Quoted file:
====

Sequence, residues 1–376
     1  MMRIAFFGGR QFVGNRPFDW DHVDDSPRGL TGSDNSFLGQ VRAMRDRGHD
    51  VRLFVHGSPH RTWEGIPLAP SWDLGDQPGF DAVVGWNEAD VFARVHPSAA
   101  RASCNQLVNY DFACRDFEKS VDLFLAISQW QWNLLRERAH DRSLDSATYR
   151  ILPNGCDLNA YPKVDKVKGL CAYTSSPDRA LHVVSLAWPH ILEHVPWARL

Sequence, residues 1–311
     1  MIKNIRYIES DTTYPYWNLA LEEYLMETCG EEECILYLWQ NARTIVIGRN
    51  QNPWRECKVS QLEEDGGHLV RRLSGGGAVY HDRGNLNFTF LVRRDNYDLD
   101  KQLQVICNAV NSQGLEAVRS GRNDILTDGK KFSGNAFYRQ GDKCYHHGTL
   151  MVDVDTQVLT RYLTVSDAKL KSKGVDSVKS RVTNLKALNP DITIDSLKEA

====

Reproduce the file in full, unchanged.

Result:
Sequence, residues 1–376
     1  MMRIAFFGGR QFVGNRPFDW DHVDDSPRGL TGSDNSFLGQ VRAMRDRGHD
    51  VRLFVHGSPH RTWEGIPLAP SWDLGDQPGF DAVVGWNEAD VFARVHPSAA
   101  RASCNQLVNY DFACRDFEKS VDLFLAISQW QWNLLRERAH DRSLDSATYR
   151  ILPNGCDLNA YPKVDKVKGL CAYTSSPDRA LHVVSLAWPH ILEHVPWARL

Sequence, residues 1–311
     1  MIKNIRYIES DTTYPYWNLA LEEYLMETCG EEECILYLWQ NARTIVIGRN
    51  QNPWRECKVS QLEEDGGHLV RRLSGGGAVY HDRGNLNFTF LVRRDNYDLD
   101  KQLQVICNAV NSQGLEAVRS GRNDILTDGK KFSGNAFYRQ GDKCYHHGTL
   151  MVDVDTQVLT RYLTVSDAKL KSKGVDSVKS RVTNLKALNP DITIDSLKEA